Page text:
Volume 13 Supplement 1

8th International Congress of Familial Mediterranean Fever and Systemic Autoinflammatory Diseases

Open Access

Beneficial effect of methotrexate on a case of Nakajo-Nishimura syndrome

  • K Kunimoto1,
  • F Ozaki2,
  • F Furukawa1 and
  • N Kanazawa1
Pediatric Rheumatology201513(Suppl 1):P199

https://doi.org/10.1186/1546-0096-13-S1-P199

Published: 28 September 2015

Nakajo-Nishimura syndrome (NNS) is a very rare autosomal recessively-inherited autoinflammatory disorder that onsets in infancy with pernio-like rashes and gradually develops into partial lipodystrophy, accompanied with remittent fever and nodular skin eruptions. This disease is caused by a unique mutation of the PSMB8 gene, which not only impairs an enzymatic activity of the encoding beta5i subunit, but also disturbs formation of the immunoproteasome complex. As the pathogenesis for NNS, cellular accumulation of ubiquitinated and oxidized proteins due to immunoproteasome deficiency is considered to cause MAP kinase activation with nuclear accumulation of phosphorylated p38 and following IL-6 production.

The treatment for Nakajo-Nishimura syndrome has not been established. Inflammatory attacks can temporarily respond to the oral administration of high-dose corticosteroid, but they easily recur by tapering the dose of corticosteroid. Furthermore, the high-dose corticosteroid therapy has various side effects such as growth failure in infancy. In our child case of NNS (Kunimoto et al, Dermatology 2013), additional administration of methotrexate (MTX) significantly decreased a frequency of febrile attacks, in comparison to the treatment with oral corticosteroid alone. Notably, effectiveness of MTX was previously described on some infant cases of CANDLE syndrome, another PSMB8-mutated proteasome-associated autoinflammatory syndrome (PRAAS). MTX is known to execute anti-inflammatory effects through inhibition of folic acid-dependent enzymes, including dihydrofolate reductase (DHFR) and aminoimidazole carboxamide ribonucleotide transformylase (ATIC). ATIC inhibition causes accumulation of intracellular aminoimidazole carboxamide ribonucleotide and inhibits AMP deaminase, to increase the production of adenosine. Adenosine can inhibit superoxide production of neutrophils and their attachment to endothelial cells. As preliminary results, increased ROS production has been observed in primary neutrophils of NNS patients, suggesting one of the points that MTX affects.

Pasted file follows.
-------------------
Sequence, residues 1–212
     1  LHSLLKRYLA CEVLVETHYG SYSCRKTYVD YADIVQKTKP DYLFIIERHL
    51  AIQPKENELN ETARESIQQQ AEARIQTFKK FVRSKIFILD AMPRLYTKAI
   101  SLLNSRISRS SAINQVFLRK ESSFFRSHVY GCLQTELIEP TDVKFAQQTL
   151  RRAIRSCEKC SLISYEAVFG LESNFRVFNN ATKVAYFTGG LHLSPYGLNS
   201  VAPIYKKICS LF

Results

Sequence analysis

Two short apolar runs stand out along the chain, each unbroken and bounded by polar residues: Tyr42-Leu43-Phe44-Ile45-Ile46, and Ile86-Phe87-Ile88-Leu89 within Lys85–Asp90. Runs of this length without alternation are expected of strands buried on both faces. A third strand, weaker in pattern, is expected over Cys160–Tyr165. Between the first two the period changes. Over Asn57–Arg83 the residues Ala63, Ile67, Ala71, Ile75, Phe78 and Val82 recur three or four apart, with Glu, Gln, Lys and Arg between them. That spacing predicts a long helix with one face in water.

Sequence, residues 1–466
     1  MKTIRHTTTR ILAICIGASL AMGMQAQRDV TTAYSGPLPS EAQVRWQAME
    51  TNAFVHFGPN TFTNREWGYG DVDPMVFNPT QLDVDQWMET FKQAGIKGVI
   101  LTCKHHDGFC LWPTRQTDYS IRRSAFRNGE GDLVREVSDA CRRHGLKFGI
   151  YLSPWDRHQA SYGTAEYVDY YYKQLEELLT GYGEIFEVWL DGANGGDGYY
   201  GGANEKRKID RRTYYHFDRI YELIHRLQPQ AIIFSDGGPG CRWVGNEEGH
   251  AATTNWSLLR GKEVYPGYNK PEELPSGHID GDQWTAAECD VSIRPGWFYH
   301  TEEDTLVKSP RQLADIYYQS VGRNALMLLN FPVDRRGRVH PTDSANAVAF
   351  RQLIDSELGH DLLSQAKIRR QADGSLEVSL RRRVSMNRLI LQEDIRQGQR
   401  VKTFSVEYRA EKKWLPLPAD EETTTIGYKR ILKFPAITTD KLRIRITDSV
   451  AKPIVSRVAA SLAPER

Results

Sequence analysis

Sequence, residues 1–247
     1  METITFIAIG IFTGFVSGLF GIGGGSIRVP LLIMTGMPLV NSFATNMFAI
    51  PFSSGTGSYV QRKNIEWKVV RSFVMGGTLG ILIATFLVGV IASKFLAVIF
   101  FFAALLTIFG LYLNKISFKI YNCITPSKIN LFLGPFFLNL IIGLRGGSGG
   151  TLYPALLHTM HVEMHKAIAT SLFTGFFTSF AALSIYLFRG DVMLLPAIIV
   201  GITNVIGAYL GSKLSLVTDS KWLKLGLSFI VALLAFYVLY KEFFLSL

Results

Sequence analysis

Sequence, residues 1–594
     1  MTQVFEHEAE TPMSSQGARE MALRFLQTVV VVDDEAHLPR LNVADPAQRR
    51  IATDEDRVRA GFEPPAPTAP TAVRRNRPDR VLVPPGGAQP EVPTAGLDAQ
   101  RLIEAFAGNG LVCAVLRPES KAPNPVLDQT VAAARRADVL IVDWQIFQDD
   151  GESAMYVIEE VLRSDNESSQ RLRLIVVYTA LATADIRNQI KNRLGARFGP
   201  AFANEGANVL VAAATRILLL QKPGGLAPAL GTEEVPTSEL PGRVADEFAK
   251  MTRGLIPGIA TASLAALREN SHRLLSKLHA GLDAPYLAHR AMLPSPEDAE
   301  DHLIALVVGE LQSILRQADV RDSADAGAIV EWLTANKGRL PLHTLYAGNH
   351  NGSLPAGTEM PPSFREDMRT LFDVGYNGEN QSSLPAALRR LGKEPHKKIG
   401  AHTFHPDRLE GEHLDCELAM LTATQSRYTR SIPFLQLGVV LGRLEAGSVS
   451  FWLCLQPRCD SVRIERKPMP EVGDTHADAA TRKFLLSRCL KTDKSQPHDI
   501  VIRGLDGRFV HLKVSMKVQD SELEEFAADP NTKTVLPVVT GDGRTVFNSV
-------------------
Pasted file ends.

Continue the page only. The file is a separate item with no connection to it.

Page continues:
Authors’ Affiliations

(1)
Wakayama Medical University, Dermatology
(2)
Kyoto University, Center for iPS Cell Research and Application

Copyright

© Kunimoto et al. 2015

This article is published under license to BioMed Central Ltd. This is an Open Access article distributed under the terms of the Creative Commons Attribution License (http://creativecommons.org/licenses/by/4.0), which permits unrestricted use, distribution, and reproduction in any medium, provided the original work is properly cited. The Creative Commons Public Domain Dedication waiver (http://creativecommons.org/publicdomain/zero/1.0/) applies to the data made available in this article, unless otherwise stated.

Advertisement